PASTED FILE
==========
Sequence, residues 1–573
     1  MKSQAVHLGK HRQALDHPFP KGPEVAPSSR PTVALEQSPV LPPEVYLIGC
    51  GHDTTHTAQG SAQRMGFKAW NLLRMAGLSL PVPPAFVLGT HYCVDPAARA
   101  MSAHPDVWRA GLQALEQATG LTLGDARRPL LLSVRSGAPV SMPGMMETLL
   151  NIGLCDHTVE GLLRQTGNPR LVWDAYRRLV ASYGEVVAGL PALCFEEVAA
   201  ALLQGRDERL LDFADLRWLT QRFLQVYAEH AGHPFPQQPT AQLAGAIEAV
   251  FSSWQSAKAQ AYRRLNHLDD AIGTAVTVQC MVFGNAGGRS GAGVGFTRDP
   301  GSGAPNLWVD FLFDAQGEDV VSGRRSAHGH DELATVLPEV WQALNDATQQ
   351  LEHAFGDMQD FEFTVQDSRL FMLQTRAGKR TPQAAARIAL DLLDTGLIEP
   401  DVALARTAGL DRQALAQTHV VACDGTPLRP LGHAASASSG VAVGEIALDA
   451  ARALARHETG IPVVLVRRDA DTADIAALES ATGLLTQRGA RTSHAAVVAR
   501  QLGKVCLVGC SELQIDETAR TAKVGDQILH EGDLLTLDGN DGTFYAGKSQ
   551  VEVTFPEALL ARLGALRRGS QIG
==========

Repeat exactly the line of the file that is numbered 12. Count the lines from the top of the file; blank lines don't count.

   501  QLGKVCLVGC SELQIDETAR TAKVGDQILH EGDLLTLDGN DGTFYAGKSQ